Shapash 2.0 : Key features
Try out your own backend to connect any explainability method with Shapash’s nice visualizations !
The Shapash team believes in a world where data scientists can easily share insights to anyone about models they implemented. It has been conducting efforts recently into making the library modular and customizable. This way any team can take Shapash to their own needs and adapt only small parts if needed. Below we introduce the new features brought with the latest release but it is also a good occasion to review all the key features of Shapash.
Shapash’s latest release is the result of a great collaboration between MAIF and Quantmetry. Both companies are investing a lot of energy into tackling the problem of transparent and explainable AI. Shapash is one successful answer that is widely used internally but also by thousands of users worldwide.
Never heard of Shapash ?
Shapash key features
In this part we introduce the main outputs data scientists can produce with Shapash. If you already know Shapash you can skip to the second part where we discuss the new features of Shapash brought with the latest release.
Shapash’s most used feature is its WebApp. It allows data scientists to easily explore and share information about a machine learning model.
Launching the WebApp is straightforward. Using the simple lines above, Shapash will take care of computing the explainability and represent information about the model in the WebApp: global explainability on the left side and local explainability on the right side.
Some optional parameters can be very useful :
- Preprocessing allows passing the encoder used to encode categorical features into numbers. This way the numbers in the data (x_test) can be mapped to their original meaning (string representation) in the WebApp and other plots.
- Features_dict is the mapping between technical feature names and their domain names. This way the plots will not represent the column names of x_test but their corresponding mapping in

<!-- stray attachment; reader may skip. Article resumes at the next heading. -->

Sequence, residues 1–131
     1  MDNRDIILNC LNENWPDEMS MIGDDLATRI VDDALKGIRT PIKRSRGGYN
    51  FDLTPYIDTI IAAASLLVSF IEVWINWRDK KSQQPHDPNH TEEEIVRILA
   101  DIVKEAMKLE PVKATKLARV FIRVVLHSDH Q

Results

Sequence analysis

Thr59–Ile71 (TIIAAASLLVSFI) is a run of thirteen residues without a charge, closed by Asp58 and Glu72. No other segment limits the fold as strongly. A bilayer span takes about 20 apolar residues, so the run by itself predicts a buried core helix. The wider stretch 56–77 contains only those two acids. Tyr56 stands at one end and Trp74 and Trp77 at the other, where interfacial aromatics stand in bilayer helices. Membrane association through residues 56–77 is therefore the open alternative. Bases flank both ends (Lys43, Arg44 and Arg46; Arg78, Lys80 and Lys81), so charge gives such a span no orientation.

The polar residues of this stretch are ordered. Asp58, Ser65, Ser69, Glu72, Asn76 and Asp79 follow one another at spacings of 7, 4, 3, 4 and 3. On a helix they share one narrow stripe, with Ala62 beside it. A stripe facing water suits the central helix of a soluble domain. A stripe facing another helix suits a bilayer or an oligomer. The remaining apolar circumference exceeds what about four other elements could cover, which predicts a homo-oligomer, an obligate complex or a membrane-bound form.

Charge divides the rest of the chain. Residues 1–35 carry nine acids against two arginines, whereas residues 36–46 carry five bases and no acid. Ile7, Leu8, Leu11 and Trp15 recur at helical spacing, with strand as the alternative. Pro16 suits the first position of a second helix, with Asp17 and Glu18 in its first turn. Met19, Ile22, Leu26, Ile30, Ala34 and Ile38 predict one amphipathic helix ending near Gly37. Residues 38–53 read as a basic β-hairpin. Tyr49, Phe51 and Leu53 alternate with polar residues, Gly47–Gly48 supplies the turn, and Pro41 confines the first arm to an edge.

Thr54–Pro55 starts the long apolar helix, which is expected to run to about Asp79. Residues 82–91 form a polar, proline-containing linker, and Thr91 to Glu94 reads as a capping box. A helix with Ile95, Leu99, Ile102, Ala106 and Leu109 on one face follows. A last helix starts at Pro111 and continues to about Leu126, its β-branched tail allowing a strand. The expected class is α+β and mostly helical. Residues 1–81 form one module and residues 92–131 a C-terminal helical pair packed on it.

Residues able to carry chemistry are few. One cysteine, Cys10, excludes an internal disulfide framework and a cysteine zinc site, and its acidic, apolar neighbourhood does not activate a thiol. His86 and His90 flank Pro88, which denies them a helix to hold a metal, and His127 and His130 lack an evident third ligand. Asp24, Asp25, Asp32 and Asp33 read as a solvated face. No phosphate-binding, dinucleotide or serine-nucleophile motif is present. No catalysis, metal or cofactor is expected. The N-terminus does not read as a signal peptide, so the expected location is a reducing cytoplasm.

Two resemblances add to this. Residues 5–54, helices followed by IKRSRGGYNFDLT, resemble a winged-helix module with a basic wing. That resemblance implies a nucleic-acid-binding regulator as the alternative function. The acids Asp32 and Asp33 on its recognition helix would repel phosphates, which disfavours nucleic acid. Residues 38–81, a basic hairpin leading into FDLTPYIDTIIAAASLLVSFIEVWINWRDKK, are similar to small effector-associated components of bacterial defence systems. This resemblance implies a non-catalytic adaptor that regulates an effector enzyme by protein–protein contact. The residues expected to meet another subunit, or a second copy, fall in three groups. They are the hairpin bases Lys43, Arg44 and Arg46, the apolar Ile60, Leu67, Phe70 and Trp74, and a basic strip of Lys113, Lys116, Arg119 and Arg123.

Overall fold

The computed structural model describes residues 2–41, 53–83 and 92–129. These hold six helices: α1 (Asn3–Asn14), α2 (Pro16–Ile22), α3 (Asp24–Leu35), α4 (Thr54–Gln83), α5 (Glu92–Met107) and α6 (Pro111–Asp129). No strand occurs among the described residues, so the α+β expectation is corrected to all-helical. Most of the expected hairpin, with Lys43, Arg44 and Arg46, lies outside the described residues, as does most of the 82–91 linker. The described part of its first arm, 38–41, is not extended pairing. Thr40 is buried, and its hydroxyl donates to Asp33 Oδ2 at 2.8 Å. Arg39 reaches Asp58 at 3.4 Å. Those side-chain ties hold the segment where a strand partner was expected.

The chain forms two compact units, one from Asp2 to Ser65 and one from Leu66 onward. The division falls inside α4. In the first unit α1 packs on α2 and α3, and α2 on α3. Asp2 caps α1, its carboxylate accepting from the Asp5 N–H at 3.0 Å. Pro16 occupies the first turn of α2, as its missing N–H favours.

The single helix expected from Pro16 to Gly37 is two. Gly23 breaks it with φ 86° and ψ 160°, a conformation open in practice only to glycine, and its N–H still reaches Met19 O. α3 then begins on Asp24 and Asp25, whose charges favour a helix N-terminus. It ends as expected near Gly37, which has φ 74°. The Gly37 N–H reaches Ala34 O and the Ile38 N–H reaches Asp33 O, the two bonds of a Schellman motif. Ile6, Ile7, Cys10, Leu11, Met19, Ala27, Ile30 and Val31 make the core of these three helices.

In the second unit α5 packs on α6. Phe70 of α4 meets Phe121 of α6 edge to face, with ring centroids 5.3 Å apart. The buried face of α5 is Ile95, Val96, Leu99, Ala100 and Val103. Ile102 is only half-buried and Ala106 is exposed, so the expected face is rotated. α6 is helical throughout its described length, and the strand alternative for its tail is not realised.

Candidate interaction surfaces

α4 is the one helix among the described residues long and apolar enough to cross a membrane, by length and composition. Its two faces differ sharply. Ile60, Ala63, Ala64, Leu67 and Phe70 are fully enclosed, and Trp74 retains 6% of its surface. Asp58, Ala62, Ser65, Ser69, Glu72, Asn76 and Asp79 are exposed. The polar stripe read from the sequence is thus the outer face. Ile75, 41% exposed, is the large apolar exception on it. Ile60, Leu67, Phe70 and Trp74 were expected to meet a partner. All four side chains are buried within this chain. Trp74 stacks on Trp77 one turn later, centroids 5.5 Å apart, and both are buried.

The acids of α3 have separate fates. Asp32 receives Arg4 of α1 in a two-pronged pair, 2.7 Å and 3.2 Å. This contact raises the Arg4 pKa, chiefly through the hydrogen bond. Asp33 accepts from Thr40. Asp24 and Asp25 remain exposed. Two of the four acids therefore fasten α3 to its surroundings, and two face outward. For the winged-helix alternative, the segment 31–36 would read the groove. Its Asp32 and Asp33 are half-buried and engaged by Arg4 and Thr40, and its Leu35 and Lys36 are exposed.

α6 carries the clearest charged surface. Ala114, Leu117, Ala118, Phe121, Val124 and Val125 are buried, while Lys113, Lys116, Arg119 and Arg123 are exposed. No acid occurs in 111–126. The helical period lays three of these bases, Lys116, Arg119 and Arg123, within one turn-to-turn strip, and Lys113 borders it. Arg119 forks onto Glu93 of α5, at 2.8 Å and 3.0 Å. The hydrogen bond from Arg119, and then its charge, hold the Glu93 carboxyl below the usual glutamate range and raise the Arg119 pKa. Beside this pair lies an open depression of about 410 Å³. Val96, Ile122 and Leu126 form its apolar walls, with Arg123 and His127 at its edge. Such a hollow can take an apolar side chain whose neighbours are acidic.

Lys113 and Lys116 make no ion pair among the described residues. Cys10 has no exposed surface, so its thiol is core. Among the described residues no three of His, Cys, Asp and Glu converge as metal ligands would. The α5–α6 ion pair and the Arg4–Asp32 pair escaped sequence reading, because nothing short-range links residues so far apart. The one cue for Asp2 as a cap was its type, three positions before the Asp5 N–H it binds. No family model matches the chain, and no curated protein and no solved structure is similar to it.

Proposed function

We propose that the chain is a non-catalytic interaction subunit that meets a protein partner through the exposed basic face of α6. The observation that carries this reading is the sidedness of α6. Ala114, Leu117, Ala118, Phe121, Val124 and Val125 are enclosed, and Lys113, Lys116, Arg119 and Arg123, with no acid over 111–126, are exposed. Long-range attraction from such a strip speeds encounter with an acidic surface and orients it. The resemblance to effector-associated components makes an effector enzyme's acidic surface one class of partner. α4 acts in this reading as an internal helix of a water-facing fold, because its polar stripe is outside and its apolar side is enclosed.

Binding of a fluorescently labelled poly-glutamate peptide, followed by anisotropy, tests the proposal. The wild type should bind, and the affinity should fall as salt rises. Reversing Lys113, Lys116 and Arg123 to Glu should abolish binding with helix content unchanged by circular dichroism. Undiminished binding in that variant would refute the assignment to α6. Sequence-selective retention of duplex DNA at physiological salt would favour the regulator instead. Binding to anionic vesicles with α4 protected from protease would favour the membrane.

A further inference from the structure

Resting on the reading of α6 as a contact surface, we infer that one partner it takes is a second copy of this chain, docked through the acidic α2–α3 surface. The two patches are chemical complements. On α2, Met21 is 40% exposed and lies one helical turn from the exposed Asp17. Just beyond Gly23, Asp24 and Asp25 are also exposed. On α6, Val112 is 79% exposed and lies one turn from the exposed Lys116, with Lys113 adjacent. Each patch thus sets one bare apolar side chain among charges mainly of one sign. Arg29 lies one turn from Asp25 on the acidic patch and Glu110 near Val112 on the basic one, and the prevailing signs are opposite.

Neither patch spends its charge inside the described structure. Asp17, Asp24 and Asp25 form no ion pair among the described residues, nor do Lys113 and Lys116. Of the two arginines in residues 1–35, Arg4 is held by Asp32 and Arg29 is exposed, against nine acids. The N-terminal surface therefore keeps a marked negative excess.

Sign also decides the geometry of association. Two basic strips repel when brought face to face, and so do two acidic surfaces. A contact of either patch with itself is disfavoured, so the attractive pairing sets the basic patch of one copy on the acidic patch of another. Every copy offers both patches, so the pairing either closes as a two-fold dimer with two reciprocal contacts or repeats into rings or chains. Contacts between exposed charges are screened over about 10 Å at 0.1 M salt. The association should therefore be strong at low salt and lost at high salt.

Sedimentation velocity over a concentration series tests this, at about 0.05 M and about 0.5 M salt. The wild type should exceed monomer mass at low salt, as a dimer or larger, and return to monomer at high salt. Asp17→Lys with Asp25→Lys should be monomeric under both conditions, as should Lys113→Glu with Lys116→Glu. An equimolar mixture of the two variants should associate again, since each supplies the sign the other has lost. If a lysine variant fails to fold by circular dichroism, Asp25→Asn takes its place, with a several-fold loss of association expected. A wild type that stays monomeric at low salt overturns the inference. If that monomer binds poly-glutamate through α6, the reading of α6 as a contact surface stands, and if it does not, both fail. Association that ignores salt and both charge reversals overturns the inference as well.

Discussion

- Features_groups can be useful in case there are a lot of features. It allows to group features of the same meaning together and compute the explainability of each group. See the tutorial for more information
We only listed the most important parameters above. A complete list of parameters is available in the documentation.
Useful explainability plots
Many different graphs are available in Shapash and are very easy to produce. They can be displayed in a jupyter notebook or saved as images. Available graphs not only include the different plots in the WebApp but also others that can be useful to understand a machine learning model and interpret it.
Explainability quality evaluation
Local explainability methods are recent, they keep being improved and research is very active in the field. Moreover, they often use approximations in order to speed up computations. Thus, one needs to be careful when interpreting those methods’ outputs.
Shapash recently added methods to evaluate and compare explainability methods computed on a given machine learning model. In particular, Shapash implemented graphs to answer the three following questions:
- Do different explainability methods give similar explanations on average ? (Consistency)
- Is the explanation similar for similar instances ? (Local stability)
- Do a few features drive the model ? (Approximation)